Melissa McCarthy Champions Sisterhood in College Comedy ‘Life of the Party’
Melissa McCarthy, a beloved comedic talent who won over audiences several times over playing an array of outcasts and weirdos, steps into one of her most relatable roles to date in “Life of the Party.” McCarthy stars as Deanna, a homemaker who sacrificed her professional goals to raise a family. McCarthy co-wrote the script with the film’s director, Ben Falcone, a frequent collaborator who also happens to be her husband of 13 years. While McCarthy has enjoyed a successful and mutually supportive marriage, Deanna is less lucky, as she is blindsided when her husband of 23 years, Dan (the underrated Matt Walsh playing against type as the chief villain) announces that he is leaving her for a local real estate lady, Marcie (Julie Bowen). After she burns a bunch of his crap and her anger subsides, Deanna sees this as an opportunity to start over and finally finish the college degree she put on hold after she became pregnant with her daughter, Maddie (Molly Gordon), now a senior at the same college she returns to, Decatur. Instead of the night class, continuing education route one would expect her to take, Deanna immerses herself in the full college experience, even moving into the dorms. Surprisingly, after an initial sense of dread that she does her best to suppress, Maddie is all for her mom’s new path, but neither bargain for the zany journey that ensues, one that involves Mom and daughter downing tequila shots together and crossing paths during walks of shame.
College films, not unlike the real experience, contain colorful characters, and “Life of the Party” is no exception, as Deanna finds herself rooming with shut-in Lenor (Heidi Gardner), a goth girl who finds in Deanna the best friend she never knew she needed. Deanna also finds a kindred spirit in Helen (Gillian Jacobs), a fellow “mature” student whose being in an eight-year coma accounts for the gap in her studies. But the real fun is to be had with Jack (Luke Benward), the dreamboat frat brother of Maddie’s own boyfriend (Jimmy O. Yang), and some of the funniest scenes come out of his infatuation with Deanna, one that leads to a satisfying twist.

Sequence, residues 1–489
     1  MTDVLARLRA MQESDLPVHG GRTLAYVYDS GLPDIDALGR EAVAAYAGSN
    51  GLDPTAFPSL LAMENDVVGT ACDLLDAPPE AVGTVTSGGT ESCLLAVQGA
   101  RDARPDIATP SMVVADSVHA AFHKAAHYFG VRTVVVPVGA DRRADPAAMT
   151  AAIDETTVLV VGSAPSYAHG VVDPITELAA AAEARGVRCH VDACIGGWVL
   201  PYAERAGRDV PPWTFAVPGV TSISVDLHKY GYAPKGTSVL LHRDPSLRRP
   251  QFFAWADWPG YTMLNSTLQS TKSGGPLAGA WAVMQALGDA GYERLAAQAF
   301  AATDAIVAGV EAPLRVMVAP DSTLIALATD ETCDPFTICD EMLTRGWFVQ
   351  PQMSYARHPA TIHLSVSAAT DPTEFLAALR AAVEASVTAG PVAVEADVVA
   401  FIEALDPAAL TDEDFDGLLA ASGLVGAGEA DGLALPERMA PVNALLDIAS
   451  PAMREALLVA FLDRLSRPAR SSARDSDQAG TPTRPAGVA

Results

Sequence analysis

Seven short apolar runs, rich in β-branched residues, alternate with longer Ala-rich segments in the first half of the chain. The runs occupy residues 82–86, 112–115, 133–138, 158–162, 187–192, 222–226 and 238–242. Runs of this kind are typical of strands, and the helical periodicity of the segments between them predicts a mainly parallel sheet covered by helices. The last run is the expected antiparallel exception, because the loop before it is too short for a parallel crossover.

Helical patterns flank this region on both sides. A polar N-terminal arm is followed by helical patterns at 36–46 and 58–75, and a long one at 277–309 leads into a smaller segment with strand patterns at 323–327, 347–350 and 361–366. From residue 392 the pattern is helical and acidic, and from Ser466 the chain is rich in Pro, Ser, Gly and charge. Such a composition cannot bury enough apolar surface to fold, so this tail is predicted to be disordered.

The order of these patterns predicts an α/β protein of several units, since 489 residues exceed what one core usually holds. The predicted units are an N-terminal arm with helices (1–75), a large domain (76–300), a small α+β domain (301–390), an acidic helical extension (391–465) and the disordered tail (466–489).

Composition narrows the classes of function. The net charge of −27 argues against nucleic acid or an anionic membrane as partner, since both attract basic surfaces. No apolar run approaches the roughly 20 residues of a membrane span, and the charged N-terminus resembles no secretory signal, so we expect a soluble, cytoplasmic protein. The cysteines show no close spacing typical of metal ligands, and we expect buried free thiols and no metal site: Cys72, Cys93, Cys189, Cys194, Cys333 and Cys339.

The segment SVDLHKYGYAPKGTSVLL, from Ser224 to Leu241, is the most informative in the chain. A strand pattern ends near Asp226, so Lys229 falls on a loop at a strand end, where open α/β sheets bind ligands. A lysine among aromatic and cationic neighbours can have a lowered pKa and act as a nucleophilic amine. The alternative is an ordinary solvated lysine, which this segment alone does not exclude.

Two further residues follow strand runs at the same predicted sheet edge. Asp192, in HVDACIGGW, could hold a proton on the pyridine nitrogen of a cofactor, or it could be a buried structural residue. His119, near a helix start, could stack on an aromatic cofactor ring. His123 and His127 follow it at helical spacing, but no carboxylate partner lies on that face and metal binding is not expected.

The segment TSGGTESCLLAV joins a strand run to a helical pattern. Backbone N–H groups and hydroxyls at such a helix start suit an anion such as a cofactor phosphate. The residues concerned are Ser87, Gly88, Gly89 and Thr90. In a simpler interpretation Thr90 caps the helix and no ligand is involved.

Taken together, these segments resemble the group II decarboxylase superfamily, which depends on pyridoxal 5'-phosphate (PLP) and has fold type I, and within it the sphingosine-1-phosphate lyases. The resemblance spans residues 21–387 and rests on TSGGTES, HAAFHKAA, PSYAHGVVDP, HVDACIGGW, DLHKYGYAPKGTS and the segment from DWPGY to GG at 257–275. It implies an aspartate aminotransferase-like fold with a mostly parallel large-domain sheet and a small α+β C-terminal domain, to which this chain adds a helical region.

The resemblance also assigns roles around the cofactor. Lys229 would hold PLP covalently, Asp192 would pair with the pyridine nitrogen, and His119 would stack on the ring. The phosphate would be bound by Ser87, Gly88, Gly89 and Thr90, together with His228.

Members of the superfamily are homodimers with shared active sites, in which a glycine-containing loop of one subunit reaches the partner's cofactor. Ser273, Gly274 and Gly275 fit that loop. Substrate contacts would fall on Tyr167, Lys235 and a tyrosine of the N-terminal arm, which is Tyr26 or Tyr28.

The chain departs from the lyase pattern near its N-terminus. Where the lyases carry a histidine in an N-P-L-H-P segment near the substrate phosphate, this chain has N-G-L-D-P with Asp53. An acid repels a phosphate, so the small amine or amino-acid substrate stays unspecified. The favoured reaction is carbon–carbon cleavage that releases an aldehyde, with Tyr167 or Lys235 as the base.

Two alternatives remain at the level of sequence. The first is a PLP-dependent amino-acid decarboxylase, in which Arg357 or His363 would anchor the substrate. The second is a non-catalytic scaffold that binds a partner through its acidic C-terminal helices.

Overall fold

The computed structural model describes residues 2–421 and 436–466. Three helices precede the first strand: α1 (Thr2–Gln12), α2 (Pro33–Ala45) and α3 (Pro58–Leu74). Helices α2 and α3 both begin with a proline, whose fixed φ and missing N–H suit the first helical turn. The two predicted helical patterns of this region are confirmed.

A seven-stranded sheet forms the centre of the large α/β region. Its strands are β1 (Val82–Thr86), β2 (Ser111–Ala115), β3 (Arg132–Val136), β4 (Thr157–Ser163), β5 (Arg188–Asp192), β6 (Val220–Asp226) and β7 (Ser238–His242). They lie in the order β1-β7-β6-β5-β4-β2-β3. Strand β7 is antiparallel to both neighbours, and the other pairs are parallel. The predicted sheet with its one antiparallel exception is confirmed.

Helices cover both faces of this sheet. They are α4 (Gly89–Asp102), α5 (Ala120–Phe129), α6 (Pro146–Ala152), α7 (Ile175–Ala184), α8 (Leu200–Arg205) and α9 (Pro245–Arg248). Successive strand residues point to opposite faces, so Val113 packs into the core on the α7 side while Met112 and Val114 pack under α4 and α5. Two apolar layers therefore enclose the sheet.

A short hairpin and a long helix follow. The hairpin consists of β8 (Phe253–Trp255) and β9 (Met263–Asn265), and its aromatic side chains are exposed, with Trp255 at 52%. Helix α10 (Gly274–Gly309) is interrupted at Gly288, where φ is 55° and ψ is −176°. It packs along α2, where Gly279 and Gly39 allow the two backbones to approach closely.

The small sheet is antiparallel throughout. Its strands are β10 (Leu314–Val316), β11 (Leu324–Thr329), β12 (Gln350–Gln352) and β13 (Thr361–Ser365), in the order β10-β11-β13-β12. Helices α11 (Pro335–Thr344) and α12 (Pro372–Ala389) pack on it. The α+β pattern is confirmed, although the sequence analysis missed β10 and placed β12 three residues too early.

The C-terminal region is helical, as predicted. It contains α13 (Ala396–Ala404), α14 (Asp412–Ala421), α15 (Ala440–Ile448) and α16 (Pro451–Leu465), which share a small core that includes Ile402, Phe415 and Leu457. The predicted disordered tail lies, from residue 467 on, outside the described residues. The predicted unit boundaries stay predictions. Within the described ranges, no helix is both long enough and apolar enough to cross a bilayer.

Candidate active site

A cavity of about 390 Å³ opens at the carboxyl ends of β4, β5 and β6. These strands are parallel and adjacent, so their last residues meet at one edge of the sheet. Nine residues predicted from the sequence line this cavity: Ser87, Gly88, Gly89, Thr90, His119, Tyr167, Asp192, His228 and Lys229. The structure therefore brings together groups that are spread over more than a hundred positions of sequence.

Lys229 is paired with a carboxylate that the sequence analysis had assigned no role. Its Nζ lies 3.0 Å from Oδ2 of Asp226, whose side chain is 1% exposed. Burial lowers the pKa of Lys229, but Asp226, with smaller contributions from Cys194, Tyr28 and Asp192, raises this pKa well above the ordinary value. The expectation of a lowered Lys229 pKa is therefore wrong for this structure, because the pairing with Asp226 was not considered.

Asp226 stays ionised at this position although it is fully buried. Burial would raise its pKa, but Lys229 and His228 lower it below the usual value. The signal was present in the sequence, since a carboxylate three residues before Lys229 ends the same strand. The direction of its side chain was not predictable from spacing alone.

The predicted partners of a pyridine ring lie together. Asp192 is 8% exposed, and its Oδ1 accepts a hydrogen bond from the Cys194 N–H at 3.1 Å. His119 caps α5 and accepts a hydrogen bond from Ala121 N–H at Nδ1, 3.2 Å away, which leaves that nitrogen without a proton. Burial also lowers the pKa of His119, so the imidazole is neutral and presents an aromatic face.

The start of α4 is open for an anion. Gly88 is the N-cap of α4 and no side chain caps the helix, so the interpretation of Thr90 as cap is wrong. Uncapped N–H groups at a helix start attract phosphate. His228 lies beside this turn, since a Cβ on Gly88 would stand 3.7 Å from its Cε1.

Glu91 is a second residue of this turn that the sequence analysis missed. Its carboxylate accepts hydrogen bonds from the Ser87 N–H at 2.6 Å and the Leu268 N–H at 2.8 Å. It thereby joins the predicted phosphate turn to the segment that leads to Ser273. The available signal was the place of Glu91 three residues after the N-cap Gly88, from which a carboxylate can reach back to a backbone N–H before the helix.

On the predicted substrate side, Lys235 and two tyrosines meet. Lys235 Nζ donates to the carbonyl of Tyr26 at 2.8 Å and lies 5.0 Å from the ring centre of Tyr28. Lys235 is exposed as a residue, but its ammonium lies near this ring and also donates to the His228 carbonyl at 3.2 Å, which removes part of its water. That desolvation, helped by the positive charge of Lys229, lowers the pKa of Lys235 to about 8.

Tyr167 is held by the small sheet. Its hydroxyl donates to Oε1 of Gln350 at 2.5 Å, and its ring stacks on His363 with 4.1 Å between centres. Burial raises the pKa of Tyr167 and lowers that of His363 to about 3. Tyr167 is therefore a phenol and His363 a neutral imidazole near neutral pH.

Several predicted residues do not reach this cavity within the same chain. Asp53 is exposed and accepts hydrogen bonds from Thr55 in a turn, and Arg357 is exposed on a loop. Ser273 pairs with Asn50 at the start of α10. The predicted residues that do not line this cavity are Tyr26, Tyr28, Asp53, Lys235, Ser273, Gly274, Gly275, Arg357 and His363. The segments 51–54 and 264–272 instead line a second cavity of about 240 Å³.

The other adults also get to have their fun, especially Christine (a sublime Maya Rudolph), Deanna’s best friend who steals scenes with her inability to not give a you-know-what. In one memorable scene, she successfully entices her husband by showing off a foot clad in both a thick sock and flip flop. There are also some hilarious scenes involving Deanna and Dan’s less than amicable divorce, a process that Marcie inserts herself in, the takeaway here being that Deanna isn’t being deprived of anything stepping away from the “adult” world; she’s better off in the company of the more evolved Maddie and her supportive sorority sisters.
“Life of the Party” isn’t exactly a cutting-edge comedy. The premise isn’t groundbreaking, and a cameo from Christina Aguilera (performing a hit song from 2002, no less) hardly adds any freshness. The film, like so many comedies released today, also has some pacing issues, as multiple dialogue-heavy scenes drag. However, it contains plenty of laugh-out-loud moments, and themes pertaining to female empowerment and solidarity come in loud and clear, messages that particularly resonate in the current climate.
The heart of “Life of the Party” is the relationship between Deanna and Maddie. Unlike a lot of comedies that center around mothers and daughters, there is very little antagonism between the two, no cliched eye rolling or nagging, and McCarthy and Gordon are very natural together.
“Life of the Party” opens May 11 nationwide.